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Employees' choice of attire can create problems in the workplace – and employers are well advised to issue policies based on, for example, moral, health and safety grounds to dictate what their employees wear. However, employers' policies must...

Just as employers recover from the Euros and tennis... here we go again!

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Just as employers recover from the Euros and tennis... here we go again! It doesn’t seem long since we warned employers to plan ahead of the Summer of sport, but look where we are now: out of the Euros, Murray a two-times Wimbledon...

INSIGHT: Employer's Refusal to Extend PHI Not Age Discrimination

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In a case which emphasises the importance of clarity of language when providing information on employees' contractual entitlement to Permanent Health Insurance (PHI) benefits, the Employment Appeal Tribunal (EAT) has upheld the decision of an Employment...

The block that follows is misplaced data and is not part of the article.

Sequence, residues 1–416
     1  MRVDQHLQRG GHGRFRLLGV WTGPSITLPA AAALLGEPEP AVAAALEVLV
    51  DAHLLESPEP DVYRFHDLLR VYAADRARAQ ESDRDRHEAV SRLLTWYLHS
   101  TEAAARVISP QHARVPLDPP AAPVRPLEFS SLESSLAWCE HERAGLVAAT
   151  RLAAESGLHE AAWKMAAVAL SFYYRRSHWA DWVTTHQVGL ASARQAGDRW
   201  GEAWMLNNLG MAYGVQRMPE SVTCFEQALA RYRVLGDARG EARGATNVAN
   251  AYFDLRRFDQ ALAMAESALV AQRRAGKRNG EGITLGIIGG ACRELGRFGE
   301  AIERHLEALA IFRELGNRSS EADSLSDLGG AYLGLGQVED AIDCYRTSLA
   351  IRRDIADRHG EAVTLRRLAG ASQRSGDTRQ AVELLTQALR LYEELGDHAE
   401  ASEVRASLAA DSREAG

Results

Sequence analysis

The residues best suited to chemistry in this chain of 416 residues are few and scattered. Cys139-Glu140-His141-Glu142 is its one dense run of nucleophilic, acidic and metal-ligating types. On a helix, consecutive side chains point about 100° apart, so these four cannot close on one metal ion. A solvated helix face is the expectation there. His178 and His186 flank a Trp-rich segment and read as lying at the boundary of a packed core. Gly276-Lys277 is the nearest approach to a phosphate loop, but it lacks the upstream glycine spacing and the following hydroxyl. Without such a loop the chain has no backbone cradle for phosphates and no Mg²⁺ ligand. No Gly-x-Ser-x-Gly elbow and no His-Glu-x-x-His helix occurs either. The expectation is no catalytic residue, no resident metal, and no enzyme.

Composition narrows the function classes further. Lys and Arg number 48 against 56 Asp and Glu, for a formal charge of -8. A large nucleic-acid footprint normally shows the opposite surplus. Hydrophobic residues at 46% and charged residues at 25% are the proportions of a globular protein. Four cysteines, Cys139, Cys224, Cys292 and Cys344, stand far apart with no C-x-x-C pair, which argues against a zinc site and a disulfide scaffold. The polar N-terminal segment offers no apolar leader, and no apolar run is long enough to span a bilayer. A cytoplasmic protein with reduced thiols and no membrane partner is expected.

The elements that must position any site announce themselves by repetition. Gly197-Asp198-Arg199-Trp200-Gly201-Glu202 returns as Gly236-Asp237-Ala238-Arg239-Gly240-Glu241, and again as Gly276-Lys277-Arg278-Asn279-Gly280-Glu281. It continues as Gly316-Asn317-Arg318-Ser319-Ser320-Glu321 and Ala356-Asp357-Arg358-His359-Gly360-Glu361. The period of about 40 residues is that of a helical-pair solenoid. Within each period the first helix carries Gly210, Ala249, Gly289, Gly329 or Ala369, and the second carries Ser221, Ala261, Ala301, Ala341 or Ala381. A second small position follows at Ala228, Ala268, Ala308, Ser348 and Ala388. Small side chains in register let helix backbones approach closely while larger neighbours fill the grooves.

INSIGHT: Taking Annual Leave and Sick Leave Concurrently

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If sickness prevents a worker taking annual leave, can leave be carried forward? Yes, reaffirmed the ECJ in Sobczyszyn v Skola Podstawowa w Rzeplinie, but whether or not such employment law with be changed post Brexit remains to be seen....

INSIGHT: What effect might the Brexit have in the workplace?

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Susan Mayall looks at how employment laws might be affected by the UK’s vote to leave the EU. (This is an updated version of Susan’s article of 21st June.) A substantial element of the UK’s employment laws come from the...

INSIGHT: Employers Need To Plan Ahead For A Summer Of Sport